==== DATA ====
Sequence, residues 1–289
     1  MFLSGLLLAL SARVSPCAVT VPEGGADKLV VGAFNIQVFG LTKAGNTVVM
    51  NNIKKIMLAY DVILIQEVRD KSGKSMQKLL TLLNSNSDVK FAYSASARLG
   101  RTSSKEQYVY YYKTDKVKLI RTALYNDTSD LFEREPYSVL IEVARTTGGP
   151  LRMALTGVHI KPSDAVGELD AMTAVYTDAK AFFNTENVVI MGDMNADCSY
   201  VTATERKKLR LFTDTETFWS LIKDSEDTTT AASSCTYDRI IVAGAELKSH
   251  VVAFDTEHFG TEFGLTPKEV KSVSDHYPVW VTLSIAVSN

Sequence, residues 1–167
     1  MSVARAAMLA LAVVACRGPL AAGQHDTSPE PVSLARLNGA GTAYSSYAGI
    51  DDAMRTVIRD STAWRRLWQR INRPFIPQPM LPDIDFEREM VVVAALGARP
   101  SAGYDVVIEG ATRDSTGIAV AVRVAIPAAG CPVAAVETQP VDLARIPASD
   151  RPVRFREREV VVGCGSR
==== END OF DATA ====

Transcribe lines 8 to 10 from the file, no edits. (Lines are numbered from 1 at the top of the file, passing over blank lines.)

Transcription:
Sequence, residues 1–167
     1  MSVARAAMLA LAVVACRGPL AAGQHDTSPE PVSLARLNGA GTAYSSYAGI
    51  DDAMRTVIRD STAWRRLWQR INRPFIPQPM LPDIDFEREM VVVAALGARP